- Dr Mmampho Gogela-Smith has written a thesis on Xhosa traditional circumcision
- Xhosa men often consider it inappropriate for women to discuss traditional circumcision
- She said this prompted her to undertake research on the subject
A female academic at the Walter Sisulu University has boldly taken on the controversial topic of Xhosa traditional circumcision in her thesis.
Dr Mmampho Gogela-Smith submitted her thesis on the topic, known as Ulwaluko in isiXhosa, as part of her political and international studies doctoral degree at Rhodes University.
Her thesis is titled: Perceptions of ulwaluko in a liberal democratic state: is multiculturalism beneficial to AmaXhosa women in the Eastern Cape Province of South Africa?
According to a statement by WSU, Dr Gogela-Smith's thesis explores the intersection between culture, gender issues and politics.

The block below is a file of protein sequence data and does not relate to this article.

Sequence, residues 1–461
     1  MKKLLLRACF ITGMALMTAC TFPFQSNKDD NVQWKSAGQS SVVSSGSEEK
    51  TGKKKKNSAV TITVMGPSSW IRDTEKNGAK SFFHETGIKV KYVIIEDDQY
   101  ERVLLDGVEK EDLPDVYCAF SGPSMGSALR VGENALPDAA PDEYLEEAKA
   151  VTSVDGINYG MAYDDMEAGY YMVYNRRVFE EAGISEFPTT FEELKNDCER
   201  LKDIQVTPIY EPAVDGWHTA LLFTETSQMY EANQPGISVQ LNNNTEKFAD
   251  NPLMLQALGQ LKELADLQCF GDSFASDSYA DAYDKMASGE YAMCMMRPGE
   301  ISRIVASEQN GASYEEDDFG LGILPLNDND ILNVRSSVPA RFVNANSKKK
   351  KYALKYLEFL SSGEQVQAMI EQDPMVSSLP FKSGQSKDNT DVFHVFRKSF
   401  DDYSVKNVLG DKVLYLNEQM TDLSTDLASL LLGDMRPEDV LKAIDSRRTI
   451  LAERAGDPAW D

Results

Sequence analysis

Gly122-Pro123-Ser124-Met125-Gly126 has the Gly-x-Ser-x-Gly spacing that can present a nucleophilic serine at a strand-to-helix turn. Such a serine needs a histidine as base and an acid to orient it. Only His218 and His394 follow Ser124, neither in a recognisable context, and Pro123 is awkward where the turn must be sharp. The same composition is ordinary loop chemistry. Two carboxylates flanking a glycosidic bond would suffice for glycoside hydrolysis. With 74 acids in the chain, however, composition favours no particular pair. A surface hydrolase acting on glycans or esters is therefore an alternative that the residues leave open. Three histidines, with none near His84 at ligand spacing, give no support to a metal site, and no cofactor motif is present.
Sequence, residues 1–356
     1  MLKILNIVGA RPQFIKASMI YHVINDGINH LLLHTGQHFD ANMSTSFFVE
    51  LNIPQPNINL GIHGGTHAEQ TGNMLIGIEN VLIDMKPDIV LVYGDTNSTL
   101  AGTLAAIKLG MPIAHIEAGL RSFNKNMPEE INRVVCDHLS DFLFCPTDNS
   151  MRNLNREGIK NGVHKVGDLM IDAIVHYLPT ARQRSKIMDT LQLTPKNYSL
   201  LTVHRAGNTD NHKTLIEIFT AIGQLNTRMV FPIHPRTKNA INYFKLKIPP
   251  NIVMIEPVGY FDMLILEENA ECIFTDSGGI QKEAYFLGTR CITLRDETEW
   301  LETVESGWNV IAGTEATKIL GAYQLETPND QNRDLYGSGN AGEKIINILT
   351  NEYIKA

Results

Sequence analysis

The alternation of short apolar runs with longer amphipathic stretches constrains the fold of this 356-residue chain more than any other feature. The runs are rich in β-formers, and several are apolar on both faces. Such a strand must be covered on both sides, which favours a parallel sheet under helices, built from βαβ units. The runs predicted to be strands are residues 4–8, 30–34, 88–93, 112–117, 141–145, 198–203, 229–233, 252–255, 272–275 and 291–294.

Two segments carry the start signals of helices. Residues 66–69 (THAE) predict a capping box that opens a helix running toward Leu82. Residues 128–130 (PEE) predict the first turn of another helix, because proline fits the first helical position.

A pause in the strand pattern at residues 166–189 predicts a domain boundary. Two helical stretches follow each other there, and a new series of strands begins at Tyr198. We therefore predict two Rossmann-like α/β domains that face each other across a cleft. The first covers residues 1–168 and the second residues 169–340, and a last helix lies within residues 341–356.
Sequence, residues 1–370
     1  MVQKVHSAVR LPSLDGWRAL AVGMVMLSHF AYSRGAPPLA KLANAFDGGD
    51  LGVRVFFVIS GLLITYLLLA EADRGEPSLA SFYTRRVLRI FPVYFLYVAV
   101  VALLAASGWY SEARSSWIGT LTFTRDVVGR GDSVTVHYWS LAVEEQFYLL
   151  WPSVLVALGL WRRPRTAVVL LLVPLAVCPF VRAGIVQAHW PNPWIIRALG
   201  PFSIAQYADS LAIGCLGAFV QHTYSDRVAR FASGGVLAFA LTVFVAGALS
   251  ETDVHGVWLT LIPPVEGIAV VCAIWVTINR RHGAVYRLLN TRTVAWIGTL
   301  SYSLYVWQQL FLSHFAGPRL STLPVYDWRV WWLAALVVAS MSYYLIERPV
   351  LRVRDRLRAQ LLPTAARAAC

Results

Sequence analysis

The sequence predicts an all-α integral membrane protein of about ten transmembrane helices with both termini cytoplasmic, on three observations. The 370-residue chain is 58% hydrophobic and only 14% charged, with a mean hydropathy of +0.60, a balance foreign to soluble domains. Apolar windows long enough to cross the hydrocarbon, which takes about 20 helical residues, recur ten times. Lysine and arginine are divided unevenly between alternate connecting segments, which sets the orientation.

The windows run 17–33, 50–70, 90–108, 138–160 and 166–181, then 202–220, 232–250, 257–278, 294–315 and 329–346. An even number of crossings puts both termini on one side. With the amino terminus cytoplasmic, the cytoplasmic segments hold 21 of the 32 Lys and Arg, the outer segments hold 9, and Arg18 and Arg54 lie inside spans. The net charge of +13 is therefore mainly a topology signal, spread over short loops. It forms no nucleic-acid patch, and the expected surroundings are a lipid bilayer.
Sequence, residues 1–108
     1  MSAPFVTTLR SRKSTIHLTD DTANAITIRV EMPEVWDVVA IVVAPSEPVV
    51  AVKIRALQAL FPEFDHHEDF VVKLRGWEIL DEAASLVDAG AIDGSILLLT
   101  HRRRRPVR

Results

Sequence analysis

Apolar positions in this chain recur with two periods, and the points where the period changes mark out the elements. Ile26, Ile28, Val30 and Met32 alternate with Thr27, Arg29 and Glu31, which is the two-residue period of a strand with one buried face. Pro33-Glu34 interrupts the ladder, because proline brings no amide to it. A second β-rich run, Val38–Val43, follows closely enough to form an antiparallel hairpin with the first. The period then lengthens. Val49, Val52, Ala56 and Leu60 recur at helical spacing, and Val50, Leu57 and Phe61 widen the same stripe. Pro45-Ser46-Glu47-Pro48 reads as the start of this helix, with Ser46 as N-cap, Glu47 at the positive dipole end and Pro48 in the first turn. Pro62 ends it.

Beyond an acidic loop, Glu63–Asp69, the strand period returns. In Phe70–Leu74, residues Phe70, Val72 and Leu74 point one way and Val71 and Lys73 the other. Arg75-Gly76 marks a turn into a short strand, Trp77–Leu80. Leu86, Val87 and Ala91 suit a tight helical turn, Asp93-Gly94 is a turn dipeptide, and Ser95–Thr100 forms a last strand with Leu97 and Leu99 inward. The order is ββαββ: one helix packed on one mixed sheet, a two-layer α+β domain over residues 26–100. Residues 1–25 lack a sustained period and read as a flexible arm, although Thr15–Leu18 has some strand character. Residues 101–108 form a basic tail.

Dr Gogela-Smith said her decision to research the topic was inspired by her experience in teaching Lifestyle Management. She explained:
With regards to the HIV/AIDS module in the course, I observed that any attempt to discuss circumcision as a possible risk-reduction measure for HIV infection was met with a strong objection and open hostility from Xhosa men, and sometimes complete withdrawal.
This is because male students felt it was inappropriate for women or young boys to discuss traditional circumcision.
The academic said she was also influenced by her experience as a single mother at the time.
Additionally, the lack of research on how women felt or perceived traditional circumcision influenced her to explore the subject.
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